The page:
The Broad Bean harvest is in full swing. Lots of pods full of lovely beans. I think the number of pods per plant is greater this year. Normally a fair few of the flowers drop off without ever forming pods - presumably because the plants don't usually feel able to support that many pods. No such problem in 2012!
The Dwarf French Beans are nearly ready to pick. This variety is officially called "Speedy", but it has not lived up to its name. In view of its prolonged battle with the elements I am going to re-name it "Endurance"!
|The seeds for these were sown on 31st March. This photo was taken on 7th July|
I think the baby Broccoli "Matsuri" is just about there. Not having grown this type before I'm unsure when to harvest, but I can't believe that the heads will get much bigger than this without flowering. After all ,the plants are only in 8" pots.
Close-up of "Matsuri"
The cucumbers are doing OK as well. I haven't harvested any more, but there are three that look as if they will be ready to pick any day now.
Some of the chillis are huge - but still showing no signs of ripening. They need sunshine for that, I'm
|Chilli "Hot Portugal"|
I'm not picking any more Asparagus this year - just letting the spears grow so that they will develop into fern which will help the plants to gather solar energy and build up their strength for next year. I must also give them a top dressing of Growmore fertiliser to reward them for the fine harvest they delivered this year. As the years go by, the number of spears I get increases, so they ought by rights to be amazingly brilliant by about the year 2020!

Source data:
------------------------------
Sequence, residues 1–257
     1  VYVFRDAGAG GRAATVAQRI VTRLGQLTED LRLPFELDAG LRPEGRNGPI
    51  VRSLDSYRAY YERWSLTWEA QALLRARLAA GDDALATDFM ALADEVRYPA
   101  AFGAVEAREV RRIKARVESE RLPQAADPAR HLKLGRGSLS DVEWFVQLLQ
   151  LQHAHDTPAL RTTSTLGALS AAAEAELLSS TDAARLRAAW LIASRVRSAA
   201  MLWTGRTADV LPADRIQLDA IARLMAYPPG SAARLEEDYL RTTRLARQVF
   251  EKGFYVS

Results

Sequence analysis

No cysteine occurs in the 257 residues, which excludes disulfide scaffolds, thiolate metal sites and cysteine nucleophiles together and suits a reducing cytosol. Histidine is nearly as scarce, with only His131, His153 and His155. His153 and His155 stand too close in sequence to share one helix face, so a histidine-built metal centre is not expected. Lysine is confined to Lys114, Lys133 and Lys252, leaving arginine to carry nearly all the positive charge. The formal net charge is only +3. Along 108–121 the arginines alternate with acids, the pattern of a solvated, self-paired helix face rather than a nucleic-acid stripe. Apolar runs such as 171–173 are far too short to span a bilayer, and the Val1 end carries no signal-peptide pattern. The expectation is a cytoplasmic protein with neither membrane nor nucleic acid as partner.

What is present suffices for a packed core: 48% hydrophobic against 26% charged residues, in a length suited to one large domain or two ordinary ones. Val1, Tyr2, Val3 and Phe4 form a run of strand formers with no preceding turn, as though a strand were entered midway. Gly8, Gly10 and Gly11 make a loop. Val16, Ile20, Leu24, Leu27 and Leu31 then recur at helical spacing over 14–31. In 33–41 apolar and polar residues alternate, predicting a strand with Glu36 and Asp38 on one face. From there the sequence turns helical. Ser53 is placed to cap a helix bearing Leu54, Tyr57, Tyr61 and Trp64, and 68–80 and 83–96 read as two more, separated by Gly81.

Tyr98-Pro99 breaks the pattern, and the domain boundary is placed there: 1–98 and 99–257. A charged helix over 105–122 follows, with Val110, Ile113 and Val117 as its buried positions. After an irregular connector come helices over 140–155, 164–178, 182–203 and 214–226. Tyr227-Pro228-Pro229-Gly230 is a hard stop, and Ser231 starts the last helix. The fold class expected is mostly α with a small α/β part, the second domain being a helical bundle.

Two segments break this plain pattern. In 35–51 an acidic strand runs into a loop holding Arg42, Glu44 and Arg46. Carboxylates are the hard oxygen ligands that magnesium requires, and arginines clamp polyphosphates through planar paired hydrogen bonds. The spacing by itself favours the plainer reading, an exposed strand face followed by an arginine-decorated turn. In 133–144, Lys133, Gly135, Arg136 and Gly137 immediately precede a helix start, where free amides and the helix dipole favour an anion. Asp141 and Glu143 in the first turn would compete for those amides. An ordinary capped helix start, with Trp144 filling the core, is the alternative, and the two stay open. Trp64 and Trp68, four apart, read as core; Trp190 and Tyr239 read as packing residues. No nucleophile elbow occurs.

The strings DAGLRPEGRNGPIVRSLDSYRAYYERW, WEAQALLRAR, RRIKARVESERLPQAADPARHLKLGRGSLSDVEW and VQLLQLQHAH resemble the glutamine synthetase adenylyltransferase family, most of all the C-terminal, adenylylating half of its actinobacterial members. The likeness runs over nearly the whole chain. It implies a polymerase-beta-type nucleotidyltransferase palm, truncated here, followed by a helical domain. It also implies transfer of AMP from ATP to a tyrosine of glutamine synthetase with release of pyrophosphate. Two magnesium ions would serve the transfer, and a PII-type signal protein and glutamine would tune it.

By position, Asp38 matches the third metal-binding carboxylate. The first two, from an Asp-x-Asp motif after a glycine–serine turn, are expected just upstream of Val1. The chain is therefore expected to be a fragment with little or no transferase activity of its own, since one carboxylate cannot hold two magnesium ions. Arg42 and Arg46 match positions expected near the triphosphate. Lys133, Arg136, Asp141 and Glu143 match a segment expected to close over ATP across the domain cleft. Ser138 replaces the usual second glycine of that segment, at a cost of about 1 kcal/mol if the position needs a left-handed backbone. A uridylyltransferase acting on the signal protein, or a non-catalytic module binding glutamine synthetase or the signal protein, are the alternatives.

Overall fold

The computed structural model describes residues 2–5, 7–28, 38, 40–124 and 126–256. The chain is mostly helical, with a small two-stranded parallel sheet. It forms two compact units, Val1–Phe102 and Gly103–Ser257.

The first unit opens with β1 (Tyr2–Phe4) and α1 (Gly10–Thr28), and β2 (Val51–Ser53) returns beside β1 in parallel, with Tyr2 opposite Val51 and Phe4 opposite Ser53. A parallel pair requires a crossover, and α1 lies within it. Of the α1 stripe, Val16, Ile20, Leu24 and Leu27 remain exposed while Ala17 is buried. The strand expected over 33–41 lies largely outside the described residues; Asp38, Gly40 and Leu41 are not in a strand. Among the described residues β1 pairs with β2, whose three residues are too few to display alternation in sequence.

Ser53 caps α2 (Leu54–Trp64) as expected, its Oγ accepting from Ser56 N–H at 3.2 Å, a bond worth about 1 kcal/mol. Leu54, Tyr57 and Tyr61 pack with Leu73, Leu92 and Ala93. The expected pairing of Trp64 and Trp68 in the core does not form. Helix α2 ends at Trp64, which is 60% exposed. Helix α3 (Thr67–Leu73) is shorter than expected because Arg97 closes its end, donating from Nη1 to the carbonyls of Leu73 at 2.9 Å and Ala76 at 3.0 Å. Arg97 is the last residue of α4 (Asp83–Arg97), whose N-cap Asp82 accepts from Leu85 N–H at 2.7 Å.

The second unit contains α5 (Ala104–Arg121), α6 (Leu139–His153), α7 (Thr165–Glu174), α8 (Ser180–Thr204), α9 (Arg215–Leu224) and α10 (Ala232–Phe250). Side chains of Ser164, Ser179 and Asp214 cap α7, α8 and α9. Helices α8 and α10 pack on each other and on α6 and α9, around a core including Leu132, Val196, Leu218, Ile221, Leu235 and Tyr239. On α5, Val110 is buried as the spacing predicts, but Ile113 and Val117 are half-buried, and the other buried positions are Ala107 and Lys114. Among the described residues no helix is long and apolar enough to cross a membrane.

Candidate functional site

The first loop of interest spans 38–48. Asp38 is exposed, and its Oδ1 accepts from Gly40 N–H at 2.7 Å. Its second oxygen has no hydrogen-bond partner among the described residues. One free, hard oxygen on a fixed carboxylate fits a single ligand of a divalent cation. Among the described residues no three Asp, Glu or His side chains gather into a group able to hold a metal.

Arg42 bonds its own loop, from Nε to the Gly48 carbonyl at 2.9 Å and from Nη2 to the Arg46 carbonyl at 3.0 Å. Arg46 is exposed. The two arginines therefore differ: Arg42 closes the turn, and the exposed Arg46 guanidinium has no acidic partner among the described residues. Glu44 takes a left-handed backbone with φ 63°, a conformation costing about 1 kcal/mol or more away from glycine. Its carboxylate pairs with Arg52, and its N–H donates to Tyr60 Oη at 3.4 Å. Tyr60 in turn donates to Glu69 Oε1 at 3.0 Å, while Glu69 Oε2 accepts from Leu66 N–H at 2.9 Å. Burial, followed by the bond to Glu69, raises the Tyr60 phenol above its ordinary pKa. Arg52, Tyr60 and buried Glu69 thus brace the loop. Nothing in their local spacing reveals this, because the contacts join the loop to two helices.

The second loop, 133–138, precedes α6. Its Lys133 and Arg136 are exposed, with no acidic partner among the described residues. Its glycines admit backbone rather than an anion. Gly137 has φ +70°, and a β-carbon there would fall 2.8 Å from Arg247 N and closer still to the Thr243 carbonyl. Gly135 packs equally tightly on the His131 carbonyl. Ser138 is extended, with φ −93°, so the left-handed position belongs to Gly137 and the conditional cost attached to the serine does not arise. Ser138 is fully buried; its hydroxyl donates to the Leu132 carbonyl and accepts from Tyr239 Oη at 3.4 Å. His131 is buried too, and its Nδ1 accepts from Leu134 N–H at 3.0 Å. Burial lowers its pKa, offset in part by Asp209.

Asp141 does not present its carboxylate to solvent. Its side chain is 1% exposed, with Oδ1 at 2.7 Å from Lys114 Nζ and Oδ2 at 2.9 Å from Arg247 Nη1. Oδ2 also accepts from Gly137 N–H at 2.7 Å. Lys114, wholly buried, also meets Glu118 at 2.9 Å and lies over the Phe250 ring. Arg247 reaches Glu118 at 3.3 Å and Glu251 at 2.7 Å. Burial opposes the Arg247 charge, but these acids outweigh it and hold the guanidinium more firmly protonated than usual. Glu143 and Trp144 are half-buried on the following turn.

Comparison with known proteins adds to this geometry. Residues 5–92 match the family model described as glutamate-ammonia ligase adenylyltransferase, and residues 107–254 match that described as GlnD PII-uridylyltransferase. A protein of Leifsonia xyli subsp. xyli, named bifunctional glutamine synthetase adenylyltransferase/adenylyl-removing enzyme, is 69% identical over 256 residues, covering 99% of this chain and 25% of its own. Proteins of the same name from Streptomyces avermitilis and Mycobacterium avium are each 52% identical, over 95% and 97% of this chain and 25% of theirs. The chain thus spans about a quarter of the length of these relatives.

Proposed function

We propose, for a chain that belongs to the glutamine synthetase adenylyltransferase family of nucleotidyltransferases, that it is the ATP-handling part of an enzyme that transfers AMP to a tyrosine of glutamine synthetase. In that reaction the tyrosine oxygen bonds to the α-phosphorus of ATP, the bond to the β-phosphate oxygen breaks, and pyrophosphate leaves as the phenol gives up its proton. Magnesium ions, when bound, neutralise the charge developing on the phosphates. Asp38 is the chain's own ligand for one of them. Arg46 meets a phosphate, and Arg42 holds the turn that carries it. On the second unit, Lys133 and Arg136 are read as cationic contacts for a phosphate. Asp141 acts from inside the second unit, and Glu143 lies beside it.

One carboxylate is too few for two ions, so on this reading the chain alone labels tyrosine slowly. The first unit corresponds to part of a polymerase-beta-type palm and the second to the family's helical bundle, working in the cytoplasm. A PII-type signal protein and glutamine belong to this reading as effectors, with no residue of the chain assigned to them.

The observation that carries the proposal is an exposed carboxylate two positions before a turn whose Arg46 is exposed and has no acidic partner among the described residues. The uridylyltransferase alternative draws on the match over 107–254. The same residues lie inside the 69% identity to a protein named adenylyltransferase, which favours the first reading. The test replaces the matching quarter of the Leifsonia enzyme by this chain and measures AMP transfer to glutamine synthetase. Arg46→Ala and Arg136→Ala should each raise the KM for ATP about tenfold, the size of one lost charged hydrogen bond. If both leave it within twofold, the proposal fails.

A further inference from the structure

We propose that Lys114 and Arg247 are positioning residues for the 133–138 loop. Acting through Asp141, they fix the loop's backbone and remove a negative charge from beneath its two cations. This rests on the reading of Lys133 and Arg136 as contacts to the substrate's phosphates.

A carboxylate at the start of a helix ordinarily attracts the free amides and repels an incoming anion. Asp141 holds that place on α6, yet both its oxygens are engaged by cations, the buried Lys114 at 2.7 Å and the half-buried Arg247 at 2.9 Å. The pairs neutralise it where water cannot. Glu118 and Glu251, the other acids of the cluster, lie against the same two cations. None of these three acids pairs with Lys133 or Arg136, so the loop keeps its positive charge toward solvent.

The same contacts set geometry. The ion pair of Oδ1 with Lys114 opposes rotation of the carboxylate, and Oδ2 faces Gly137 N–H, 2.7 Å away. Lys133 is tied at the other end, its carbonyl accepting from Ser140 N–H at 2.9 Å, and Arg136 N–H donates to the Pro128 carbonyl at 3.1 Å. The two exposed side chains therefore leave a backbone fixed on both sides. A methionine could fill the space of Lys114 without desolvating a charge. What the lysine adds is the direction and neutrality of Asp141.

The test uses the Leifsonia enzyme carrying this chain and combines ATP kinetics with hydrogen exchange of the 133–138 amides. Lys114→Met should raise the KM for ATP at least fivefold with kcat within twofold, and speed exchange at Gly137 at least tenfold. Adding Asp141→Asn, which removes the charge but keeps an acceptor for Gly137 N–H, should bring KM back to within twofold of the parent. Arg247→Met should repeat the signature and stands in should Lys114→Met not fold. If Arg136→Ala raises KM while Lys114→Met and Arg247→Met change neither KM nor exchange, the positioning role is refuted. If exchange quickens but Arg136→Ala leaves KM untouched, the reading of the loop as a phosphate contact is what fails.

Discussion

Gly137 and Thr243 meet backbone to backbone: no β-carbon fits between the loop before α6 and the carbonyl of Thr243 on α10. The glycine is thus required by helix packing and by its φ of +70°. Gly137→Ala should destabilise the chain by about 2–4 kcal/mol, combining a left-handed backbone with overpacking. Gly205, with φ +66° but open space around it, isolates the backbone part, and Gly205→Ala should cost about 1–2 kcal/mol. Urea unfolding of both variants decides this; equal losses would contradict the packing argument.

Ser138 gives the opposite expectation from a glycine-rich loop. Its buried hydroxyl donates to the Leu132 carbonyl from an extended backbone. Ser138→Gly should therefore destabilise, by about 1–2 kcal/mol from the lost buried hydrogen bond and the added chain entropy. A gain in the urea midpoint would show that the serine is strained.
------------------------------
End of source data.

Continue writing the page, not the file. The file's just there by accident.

Photographed like that, the Asparagus is not very impressive, so here's a close-up for you:
The Tomatoes are nowhere near ready yet, but at least there are lots of green fruits on most of them. This one is "Speckled Roman", a blocky plum-shaped variety, whose fruits when ripe will be red-and-yellow.
I've never grown it before so I don't know what it will be like, but it seems much less robust than most of my other types (It has fairly thin and flimsy-looking stems and leaves), and it has only set one or two fruits so far.
This one is another plum tomato type - "Incas". Looking good, but lots of lush foliage and not many fruits at present.
The last thing I want to show you today is the 3 Sisters, where one of the "Cherokee Trail of Tears" beans has decided that it will climb up one of the corn stalks after all.
These beans, and also the Runner Beans, are looking a lot more vigorous than they did last year. I think this is down to two things: firstly the extra water they have been getting, and secondly the fact that I have planted fewer of them - which means that they have more space in which to spread out, and less competition with their peers. Sometimes Less really is More.